In an unheard of move from Microsoft, Bill Gates found a new way to subside schools in our Country.

Profiting from the offer for free harware with Windows 2000/Office 2000 licences, thousands of schools answered the call for free money.

But why, would you ask, take the whole deal ?

Effectivly, soon after the announcement, we all had a big surprise. Here the comment of Jack Doe (Brother of the famous you know who) :

-"Well, yes, I know, finding our MS Licences on Ebay must have been a real surprise to you, but we thought that, maybe, we could sell them and keep the hardware. The money we get from the Licences will help us buy Support Service at Red Drake (the Famous Distro Maker). All together, we get a better IT with support, for free (to us)."

In other news tonight, M. Bill Gates III died of a massive heart attack after seeing this news !

they already have (0)

Anonymous Coward | more than 11 years ago | (#6338602)

okay, I don't have a story to reference but just trust me. There was a school that M$ donated around $100,000 worth of computers. However, there was no software on them(the standard software was included of course). The school system had to spend thousands and thousands of dollars loading software on the computers to use them. Gates got the money from the software purchases and got a tax write off for donating the computers. Some "charity" work, huh?

Re:and if you act now.... (0)

Anonymous Coward | more than 11 years ago | (#6338718)

They offered computer science majors free copies of VS .NET, Windows XP, Visio 2000 Pro, SQL Server 2000, and a few other programs at my college. Certainly K-12 isn't far off.

Schools aren't the defining factor? (5, Interesting)

binarytoaster (174681) | more than 11 years ago | (#6338391)

Yeah, I don't think that the schools are going to prove to be the sole factor in Linux on the desktop, but it's a good step.
Remember way back when, when Apple donated a bunch of Macs to the schools? Yeah, then the parents all bought Macs for compatibility and because their kids knew how to use them.

That was when computers were new; however, teaching them how to use Linux at a young age can affect how they decide later on. Now when they see Linux, they won't think "Ugh, I'm not going to be able to use it, so even if it is free..." - they'll be thinking "Hmm, I learned how to do this in school, maybe I'll try it at home."

This is a nice step...

Re:Schools aren't the defining factor? (3, Informative)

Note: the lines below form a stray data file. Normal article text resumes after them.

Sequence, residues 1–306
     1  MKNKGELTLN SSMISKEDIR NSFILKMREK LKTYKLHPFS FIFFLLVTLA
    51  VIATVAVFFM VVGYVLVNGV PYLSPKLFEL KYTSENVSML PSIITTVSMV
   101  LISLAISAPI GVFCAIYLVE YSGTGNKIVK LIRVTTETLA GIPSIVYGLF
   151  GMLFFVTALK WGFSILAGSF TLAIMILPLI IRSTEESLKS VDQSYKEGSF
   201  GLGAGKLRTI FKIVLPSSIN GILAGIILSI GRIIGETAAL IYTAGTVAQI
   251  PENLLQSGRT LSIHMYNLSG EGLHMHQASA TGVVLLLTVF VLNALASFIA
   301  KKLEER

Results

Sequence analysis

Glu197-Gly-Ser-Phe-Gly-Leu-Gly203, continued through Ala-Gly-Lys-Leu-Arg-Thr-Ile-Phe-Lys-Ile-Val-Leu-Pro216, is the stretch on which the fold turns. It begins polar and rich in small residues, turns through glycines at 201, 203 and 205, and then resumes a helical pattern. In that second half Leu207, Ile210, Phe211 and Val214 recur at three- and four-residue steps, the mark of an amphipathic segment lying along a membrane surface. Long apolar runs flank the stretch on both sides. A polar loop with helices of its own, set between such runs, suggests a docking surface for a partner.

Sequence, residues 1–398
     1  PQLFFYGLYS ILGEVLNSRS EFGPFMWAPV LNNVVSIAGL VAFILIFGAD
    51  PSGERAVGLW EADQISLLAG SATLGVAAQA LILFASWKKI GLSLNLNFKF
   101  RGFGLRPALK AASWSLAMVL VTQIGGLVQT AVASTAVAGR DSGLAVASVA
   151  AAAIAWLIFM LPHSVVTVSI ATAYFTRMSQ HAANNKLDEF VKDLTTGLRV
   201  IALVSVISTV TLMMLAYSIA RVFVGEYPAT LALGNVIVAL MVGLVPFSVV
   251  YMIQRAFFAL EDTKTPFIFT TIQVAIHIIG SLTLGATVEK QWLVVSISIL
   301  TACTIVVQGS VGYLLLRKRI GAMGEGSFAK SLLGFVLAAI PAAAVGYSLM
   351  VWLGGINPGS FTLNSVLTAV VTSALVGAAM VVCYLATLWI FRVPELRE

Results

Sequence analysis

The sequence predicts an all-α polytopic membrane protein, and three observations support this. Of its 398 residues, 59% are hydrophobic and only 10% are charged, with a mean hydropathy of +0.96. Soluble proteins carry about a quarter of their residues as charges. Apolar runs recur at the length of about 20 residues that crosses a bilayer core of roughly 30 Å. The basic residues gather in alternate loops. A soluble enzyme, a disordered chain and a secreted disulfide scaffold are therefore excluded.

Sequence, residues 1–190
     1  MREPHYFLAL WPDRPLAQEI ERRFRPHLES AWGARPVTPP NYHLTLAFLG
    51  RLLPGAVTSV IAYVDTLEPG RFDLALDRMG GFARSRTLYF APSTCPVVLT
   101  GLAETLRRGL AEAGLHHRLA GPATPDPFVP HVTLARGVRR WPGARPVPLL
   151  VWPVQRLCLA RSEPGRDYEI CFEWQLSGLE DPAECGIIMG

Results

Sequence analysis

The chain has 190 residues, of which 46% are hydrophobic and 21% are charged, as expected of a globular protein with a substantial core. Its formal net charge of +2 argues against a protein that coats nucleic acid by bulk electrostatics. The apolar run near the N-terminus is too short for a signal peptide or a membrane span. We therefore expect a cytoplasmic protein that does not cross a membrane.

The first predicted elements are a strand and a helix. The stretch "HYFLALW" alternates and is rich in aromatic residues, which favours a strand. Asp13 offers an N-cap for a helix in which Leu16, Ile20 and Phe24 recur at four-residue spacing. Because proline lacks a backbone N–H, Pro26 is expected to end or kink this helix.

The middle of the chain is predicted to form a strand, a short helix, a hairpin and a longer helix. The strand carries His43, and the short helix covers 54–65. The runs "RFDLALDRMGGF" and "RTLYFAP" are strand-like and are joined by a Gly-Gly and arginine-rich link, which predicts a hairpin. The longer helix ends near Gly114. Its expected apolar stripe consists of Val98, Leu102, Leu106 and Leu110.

gregfortune (313889) | more than 11 years ago | (#6338485)

And that's the same factor that influenced the adoption of UNIX systems in the 70's and early 80's. The universities received their copies free or at drastically reduced costs and then students demanded UNIX like environments when they entered the workplace.

I teach UNIX/Linux at the local university and I've heard the last line in your comment verbatiam from several students each quarter. If we can get kids started on it even earlier.....

Re:Schools aren't the defining factor? (1)

krilli (303497) | more than 11 years ago | (#6338764)

they'll be thinking "Hmm, I learned how to do this in school, maybe I'll try it at home."

No, they'll go, like "This is UNIX! I know this!". And it'll be AutoCAD-WM. And the world will be beautiful.

Posted Quickly (-1, Troll)

Anonymous Coward | more than 11 years ago | (#6338392)

Good idea to post another story quickly... That story about open source being better than closed source was such an obvious sham it was getting a little embarrassing, even for the shoddy 'journalism' we see here on /.

Oregon, Slashdot, Microsoft and Google...??? (0, Offtopic)

jkrise (535370) | more than 11 years ago | (#6338395)

Sometime back, I tried searching thru the Google news site, for the Oregon Open Source bill. Curiously, I got a wrong reference to a March 6 Slashdot article. Right now, Google lists 'zero' matches for an "Oregon Microsoft Slashdot" search.

Something crazy going on between Google and Slashdot? Why this hide-and-seek??

Re:Oregon, Slashdot, Microsoft and Google...??? (1, Funny)

Matey-O (518004) | more than 11 years ago | (#6338429)